Starring Richard Harris, Richard Burton, Hardy Kruger and Roger Moore, it is all about a mercenary mission going wrong due to the venality of Stewart Granger (bloody Stewart Granger). Poor Richard Harris, playing a highly ethical mercenary and single dad, nearly makes it all the way through the mission as almost everyone else dies around him. About to reach the plane of escape, he is shot in the knee and demands his best friend Burton shoots him so he is not unceremoniously hacked to pieces by some very cross people.
That scene may be crying porn enough, with the obligatory orchestral surge to manipulate adeptly, but it is the earlier scene where he doesn’t hear his son say he loves him that will cause a dad to emotionally stumble.

Parenthood leads to being surprised by sentences suddenly creating a surge of emotions. Sometimes it will merely be the potency of cheap soap opera moments combined with a cello, or a headline that leads to pity.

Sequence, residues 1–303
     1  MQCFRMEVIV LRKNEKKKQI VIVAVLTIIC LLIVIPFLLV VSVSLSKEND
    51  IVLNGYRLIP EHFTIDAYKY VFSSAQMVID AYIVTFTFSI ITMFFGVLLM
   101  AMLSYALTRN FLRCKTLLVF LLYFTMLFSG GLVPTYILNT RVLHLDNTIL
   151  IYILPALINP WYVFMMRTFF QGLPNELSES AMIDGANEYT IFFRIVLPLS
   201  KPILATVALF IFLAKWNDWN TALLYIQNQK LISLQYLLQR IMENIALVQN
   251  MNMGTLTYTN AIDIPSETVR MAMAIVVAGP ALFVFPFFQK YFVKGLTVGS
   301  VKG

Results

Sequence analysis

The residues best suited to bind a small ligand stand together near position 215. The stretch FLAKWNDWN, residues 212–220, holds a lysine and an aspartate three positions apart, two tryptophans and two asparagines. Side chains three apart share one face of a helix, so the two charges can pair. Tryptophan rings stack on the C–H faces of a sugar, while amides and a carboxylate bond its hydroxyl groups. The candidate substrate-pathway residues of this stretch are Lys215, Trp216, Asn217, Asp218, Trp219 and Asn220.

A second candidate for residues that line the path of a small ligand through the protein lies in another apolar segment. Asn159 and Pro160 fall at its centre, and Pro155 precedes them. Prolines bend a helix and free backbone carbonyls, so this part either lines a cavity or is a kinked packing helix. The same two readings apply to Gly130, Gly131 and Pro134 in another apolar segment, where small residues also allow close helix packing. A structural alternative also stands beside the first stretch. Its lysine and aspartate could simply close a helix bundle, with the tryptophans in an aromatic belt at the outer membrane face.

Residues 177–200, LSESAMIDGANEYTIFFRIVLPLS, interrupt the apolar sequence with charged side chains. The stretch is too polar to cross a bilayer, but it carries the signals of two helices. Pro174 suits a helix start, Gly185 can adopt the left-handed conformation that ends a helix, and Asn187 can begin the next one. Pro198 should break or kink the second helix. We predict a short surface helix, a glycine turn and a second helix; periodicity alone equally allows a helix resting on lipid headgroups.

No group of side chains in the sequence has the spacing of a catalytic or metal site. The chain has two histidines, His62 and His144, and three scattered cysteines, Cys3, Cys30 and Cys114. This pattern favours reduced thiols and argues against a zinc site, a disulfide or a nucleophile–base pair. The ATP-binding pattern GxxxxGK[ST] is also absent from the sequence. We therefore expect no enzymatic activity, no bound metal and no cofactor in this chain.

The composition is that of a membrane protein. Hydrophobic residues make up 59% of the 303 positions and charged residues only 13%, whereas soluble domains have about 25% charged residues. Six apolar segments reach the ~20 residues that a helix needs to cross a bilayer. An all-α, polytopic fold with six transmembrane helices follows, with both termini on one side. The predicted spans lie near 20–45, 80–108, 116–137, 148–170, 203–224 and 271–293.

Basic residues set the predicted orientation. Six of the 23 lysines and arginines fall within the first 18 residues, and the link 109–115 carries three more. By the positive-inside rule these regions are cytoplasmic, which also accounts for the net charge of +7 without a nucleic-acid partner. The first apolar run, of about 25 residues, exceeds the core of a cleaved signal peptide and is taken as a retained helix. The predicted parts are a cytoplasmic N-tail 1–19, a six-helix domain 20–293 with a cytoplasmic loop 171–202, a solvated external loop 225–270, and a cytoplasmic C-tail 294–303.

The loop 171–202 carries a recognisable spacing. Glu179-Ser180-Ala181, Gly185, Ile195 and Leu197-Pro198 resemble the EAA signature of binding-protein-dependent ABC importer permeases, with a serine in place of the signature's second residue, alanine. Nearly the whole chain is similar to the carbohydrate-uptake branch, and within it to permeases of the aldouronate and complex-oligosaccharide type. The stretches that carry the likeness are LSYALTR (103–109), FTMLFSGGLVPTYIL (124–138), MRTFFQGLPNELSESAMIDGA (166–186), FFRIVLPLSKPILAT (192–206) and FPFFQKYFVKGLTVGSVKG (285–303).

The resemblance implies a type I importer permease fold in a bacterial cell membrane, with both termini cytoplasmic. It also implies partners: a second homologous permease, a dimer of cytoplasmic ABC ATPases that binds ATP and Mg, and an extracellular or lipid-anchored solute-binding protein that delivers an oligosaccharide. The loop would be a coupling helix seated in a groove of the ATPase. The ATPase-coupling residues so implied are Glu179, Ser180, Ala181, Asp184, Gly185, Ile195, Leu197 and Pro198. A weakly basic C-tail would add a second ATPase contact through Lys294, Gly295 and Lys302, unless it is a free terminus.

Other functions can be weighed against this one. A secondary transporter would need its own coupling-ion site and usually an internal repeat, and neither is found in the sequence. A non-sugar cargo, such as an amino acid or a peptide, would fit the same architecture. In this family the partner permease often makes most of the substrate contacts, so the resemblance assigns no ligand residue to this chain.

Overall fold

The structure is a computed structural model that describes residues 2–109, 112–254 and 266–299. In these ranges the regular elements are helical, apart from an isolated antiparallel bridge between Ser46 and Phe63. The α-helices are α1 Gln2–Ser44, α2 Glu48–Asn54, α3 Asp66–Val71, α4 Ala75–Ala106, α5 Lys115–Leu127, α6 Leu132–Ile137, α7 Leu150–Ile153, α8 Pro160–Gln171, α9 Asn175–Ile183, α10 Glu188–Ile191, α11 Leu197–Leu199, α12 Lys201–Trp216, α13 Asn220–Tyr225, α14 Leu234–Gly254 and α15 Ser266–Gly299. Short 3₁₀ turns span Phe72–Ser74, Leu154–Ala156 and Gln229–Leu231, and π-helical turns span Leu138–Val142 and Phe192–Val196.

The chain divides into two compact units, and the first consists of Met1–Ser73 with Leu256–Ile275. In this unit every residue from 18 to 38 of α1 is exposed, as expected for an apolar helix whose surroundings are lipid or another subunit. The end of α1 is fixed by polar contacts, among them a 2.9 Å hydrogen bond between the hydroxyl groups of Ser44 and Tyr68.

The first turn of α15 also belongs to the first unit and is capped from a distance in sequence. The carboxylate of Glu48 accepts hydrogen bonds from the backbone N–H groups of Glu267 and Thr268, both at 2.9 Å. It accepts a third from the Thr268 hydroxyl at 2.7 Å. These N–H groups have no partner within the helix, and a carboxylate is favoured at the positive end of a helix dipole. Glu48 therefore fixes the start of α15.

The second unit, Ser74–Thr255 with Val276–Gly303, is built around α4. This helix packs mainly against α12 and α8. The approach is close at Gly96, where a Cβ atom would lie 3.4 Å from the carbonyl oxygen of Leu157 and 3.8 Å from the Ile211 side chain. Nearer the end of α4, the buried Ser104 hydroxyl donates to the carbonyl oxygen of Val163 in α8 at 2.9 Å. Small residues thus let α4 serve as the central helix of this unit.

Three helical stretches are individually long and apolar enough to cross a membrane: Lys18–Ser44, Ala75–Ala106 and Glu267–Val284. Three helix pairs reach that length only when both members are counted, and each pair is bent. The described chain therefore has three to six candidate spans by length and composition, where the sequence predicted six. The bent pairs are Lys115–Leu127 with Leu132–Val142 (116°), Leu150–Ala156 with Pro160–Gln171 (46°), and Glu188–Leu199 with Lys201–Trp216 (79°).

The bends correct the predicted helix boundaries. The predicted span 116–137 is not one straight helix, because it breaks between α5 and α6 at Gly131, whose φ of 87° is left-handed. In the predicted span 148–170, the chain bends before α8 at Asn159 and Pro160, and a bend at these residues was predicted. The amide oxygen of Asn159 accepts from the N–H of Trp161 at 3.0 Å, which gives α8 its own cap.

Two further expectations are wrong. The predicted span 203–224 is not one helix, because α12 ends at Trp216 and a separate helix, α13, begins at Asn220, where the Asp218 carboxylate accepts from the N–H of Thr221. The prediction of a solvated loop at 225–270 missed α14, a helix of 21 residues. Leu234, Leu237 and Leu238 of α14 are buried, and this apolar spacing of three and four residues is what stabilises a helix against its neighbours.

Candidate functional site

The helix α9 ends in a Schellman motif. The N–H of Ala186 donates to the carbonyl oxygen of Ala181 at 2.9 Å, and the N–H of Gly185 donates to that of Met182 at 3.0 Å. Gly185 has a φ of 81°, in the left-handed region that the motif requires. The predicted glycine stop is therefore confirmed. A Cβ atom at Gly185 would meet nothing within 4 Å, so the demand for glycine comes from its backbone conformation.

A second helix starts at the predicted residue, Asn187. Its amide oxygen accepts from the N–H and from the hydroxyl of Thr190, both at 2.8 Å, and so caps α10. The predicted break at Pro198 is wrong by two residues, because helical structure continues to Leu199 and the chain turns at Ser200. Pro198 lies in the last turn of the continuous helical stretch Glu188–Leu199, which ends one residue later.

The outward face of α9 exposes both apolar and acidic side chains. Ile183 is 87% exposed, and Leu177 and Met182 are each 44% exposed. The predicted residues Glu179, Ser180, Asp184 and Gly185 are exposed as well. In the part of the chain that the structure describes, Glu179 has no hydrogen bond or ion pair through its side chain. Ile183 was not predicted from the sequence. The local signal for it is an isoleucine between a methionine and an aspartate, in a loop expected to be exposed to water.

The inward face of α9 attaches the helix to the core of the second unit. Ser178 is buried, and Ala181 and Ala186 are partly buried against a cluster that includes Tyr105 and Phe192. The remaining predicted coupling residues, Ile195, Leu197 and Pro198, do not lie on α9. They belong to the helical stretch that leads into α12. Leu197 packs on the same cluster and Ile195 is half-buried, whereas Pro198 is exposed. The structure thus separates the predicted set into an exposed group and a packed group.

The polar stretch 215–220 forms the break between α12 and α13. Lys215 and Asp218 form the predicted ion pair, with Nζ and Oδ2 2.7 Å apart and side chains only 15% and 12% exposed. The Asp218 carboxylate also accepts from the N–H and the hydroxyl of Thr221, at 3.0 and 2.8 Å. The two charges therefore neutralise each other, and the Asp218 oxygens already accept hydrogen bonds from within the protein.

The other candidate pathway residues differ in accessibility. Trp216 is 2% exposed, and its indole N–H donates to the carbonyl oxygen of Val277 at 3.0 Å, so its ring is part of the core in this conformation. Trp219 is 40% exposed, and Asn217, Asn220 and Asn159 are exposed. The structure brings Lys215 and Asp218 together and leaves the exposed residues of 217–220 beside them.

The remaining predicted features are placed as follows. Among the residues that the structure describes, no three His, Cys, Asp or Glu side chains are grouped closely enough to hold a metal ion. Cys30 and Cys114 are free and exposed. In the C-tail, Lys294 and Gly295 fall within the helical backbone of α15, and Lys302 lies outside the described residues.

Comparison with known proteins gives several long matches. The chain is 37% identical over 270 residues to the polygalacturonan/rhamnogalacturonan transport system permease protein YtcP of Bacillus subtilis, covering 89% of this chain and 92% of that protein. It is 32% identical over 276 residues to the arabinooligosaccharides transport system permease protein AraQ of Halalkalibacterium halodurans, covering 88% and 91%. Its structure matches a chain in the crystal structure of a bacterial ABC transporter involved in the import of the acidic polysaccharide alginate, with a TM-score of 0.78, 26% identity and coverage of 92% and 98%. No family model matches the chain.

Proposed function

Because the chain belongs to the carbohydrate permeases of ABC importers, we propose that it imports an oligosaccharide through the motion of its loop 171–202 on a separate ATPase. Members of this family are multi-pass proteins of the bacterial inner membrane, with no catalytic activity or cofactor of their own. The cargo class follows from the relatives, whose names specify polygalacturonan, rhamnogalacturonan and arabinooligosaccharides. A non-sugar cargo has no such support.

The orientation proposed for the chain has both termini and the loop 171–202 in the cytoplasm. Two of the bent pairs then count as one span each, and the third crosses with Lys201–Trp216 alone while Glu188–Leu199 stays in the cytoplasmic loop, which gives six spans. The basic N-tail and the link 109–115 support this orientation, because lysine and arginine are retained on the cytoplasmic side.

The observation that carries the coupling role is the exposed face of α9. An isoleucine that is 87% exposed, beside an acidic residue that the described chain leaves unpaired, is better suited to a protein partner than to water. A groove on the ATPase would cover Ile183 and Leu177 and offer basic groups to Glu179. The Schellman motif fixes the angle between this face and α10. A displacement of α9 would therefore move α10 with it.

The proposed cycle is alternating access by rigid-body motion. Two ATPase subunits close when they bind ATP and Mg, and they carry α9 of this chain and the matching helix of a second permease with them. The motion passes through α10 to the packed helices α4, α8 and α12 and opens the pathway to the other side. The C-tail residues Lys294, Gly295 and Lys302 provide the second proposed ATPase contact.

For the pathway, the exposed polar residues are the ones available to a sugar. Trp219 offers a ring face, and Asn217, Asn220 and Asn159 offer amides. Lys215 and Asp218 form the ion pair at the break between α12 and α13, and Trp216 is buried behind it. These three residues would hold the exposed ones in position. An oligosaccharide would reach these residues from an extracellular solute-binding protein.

Backstage at a comedy gig last week, Jo Brand and I were talking of children, it reminded me of a newspaper story about an accident that led to the death of a six year old, as the words came out, I welled up and stopped mid-sentence.
It must be the sleep.

What is it about the potency of cinema and music that makes us more susceptible than reality? Does the news need more cello? (no, it is close enough to that already – “don’t forget, being momentarily upset by current affairs is now considered an action up there with being a poet going into the Spanish Civil War).

What of crying porn songs?
For some it may be Foreigner’s I Want to Know What Love Is, Nick Cave and the Bad Seeds’ Into My Arms, or Billy Bragg’s Tank Park Salute.

Who are the great actors of crying porn?
I would nominate Julianne Moore for Magnolia and The End of the Affair.